One reason the precautionary principle is moving so quickly — and, in a sense, so microbially — through the culture is that it’s based on very simple wisdom: Look before you leap. A stitch in time saves nine. These sayings may seem trite, but they have a deep resonance. We understand them. To go contrary to what we know at a deep level actually takes more effort than it does to honor the precautionary principle.
Jensen: You’ve written in many places about “ecological medicine.” Could you define that?
Raffensperger: Ecological medicine attempts to look at health and disease in a way that makes ecological sense. It’s a great irony that healthcare is itself a toxic industry. For example, we incinerate pvc medical devices that have been used to treat cancer, sending the toxic residue out to cause disease in someone else. What sense does that make? We use mercury in thermometers in hospitals and then send that up the incinerator to be deposited in fish and eventually to give the child who eats that fish brain damage.
The idea of health as part of the natural world has much broader implications than just whether burned pvc bags are causing disease. We know that health — both mental and physical — is enhanced when you can see a tree outside your window.
There are many strands in ecological medicine. One is environmental medicine, which has been used primarily to address a condition called “multiple chemical sensitivity” and diseases related to toxic chemicals. Another is conservation medicine, which looks at, among other things, the crossover of diseases between wildlife and humans.
What we really need to do is rethink medicine with the understanding that we are the air and the water. Ecological medicine certainly obeys the precautionary principle, but it’s far more than that. We need to understand that health itself is an ecological process.
Ecological medicine seeks to reconcile individual care with community well-being and ecological wholeness. We understand, of course, that there are times when one must make difficult choices, which is why the word reconcile is in there. When you have cancer, for example, what do you do when you’re offered a treatment that may cause environmental damage down the road?
Jensen: You and your husband have faced that very question.
Raffensperger: My husband has metastatic prostate cancer. The decisions we’ve made about his care were, for me personally, the genesis of many of these ideas.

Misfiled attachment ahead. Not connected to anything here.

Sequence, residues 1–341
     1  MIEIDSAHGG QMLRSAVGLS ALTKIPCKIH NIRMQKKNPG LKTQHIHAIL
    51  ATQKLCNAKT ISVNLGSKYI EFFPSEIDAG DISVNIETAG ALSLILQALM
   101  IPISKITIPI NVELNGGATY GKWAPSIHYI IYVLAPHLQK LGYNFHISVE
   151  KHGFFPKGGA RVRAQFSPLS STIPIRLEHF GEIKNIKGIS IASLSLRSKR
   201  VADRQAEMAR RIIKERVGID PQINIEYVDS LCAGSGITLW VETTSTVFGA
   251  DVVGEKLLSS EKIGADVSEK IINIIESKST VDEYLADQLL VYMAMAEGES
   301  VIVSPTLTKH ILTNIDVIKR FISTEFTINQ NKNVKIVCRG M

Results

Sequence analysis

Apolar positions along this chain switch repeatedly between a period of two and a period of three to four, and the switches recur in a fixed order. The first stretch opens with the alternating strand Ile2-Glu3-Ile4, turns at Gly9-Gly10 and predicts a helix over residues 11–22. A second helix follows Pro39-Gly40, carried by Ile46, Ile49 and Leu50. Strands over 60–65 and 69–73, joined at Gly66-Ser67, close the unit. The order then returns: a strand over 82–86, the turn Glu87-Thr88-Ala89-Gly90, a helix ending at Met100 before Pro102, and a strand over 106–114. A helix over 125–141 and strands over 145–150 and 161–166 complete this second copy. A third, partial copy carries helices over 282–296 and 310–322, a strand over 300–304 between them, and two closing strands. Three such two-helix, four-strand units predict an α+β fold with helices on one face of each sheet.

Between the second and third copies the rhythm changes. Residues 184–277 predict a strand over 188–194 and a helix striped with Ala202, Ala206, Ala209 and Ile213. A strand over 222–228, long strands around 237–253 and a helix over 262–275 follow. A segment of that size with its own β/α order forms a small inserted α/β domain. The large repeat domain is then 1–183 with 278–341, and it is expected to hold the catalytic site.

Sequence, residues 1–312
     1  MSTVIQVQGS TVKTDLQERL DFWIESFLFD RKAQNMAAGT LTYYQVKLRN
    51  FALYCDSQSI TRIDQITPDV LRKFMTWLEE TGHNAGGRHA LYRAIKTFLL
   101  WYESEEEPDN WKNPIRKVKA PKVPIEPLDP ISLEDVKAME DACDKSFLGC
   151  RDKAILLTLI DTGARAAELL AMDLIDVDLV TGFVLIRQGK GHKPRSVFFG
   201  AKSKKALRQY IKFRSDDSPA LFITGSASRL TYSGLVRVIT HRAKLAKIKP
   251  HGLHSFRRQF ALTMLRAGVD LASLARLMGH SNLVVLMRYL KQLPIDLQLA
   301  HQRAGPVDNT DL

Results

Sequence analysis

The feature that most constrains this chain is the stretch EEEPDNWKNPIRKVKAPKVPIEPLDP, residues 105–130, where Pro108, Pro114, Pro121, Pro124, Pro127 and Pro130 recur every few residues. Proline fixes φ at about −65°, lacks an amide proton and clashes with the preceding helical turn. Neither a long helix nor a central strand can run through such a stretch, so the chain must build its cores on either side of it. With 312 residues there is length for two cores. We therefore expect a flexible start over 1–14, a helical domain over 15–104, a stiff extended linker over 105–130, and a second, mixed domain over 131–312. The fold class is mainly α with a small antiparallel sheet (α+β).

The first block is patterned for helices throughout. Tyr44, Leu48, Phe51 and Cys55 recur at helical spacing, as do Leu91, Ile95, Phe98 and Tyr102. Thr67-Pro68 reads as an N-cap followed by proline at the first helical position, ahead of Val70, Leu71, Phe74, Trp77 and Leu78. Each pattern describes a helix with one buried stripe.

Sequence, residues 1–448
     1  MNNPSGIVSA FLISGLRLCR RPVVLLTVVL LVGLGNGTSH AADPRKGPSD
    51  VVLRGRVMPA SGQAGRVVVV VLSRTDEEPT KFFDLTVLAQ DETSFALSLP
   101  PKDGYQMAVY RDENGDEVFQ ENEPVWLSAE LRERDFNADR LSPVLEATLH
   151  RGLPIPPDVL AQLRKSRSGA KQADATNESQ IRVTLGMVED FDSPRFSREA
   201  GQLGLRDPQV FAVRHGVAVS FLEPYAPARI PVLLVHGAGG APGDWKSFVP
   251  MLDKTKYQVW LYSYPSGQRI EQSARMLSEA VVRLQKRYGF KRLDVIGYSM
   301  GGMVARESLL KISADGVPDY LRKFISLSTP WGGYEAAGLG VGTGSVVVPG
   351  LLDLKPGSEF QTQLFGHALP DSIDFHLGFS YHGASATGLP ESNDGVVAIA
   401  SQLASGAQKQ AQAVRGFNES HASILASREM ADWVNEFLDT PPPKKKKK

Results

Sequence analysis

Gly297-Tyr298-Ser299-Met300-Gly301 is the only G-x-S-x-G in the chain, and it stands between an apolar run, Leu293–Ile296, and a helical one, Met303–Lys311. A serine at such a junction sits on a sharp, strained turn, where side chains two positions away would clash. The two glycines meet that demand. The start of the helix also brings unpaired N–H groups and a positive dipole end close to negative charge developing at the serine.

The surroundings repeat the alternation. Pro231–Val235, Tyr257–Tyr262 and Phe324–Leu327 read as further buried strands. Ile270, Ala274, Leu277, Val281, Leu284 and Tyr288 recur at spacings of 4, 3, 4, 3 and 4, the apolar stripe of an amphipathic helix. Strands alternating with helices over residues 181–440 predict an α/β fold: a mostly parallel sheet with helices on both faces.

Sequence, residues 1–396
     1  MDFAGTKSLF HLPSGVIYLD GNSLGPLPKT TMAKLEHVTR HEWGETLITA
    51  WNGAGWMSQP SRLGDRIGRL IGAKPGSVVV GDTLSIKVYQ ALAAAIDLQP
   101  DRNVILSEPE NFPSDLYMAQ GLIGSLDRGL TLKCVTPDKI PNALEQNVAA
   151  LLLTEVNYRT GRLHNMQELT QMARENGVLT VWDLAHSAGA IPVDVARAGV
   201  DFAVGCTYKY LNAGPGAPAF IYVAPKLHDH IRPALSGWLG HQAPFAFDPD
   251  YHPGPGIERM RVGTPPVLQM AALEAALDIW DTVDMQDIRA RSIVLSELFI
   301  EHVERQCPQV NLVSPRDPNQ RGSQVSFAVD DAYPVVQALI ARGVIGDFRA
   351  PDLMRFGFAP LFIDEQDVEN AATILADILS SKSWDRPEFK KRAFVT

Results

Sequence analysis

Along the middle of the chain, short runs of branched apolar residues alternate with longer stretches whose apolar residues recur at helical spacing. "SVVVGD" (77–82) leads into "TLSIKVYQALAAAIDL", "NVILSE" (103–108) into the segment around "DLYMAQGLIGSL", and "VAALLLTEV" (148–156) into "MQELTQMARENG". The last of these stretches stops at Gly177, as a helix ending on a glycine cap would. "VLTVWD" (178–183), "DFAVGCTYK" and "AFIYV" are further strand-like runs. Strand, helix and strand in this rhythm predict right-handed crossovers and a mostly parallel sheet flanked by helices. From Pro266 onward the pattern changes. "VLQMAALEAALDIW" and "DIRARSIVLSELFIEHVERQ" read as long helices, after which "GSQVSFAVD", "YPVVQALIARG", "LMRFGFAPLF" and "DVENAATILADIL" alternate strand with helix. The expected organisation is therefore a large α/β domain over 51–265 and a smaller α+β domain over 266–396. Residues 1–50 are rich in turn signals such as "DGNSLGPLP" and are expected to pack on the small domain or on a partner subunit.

I don’t think most people face even their own possible death with the same ferocious intensity that they face the impending death of a beloved family member. When we talk about what ecological medicine might mean in terms of health- care, many people say it would be ok to limit their own care. Fewer say the same about the care of their loved ones. Being no different, I came at my husband’s cancer with a desperate, I’ll-do-anything-to-save-his-life attitude. I didn’t care what it would take.
Before I say anything else, I need to point out that I’m not prescribing medical care. People should use their own best wisdom to approach their medical issues. I also know that it’s much harder to make these decisions in the heat of the moment, faced with a catastrophic illness.
That said, we made choices based in part on what we’d learned from our organic farm. How did we deal on our farm with nonnative species and noxious weeds, which by law we had to eradicate? We remembered that poisoning weeds hadn’t worked as well as taking them out, so we chose surgery as our first option, based on that understanding and on the best medical advice we could get.
A year later, we were sitting in our oncologist’s office discussing experimental protocols for prostate cancer. One of those protocols involved thalidomide.
Now, thalidomide has caused serious birth defects when taken by pregnant women. My husband and I didn’t know what happens to thalidomide in the body, so we asked the oncologist what would be metabolized, what would be excreted, what would be the environmental fate — and thus, the environmental effect — of the thalidomide. The oncologist had never considered any of those questions. We told him we didn’t think we could use something unless we knew. We could not see putting something into the environment that was going to give birth defects to frogs, deer, muskrats, and others. We couldn’t do it.
This is a very real concern. A number of drugs, including caffeine, are now showing up in much of the surface water in the United States, because we excrete these things.
Jensen: Fish are changing gender because of hormones from birth-control pills.
Raffensperger: It may also be due to menopausal drugs — Premarin and other estrogens — or growth hormones used by the livestock industry. There could be multiple causes. Regardless, we know that what you take in comes out in some form or another.
I subsequently got more information about thalidomide and learned that it lasts about a half-hour outside the body. So thalidomide raises questions about the cumulative effect of lots of people using it. A half-hour here, a half-hour there, and all of a sudden you have an environmental load. Treating cancers, which might have environmental causes, with toxic chemicals that will end up in the environment is not a logical long-term approach.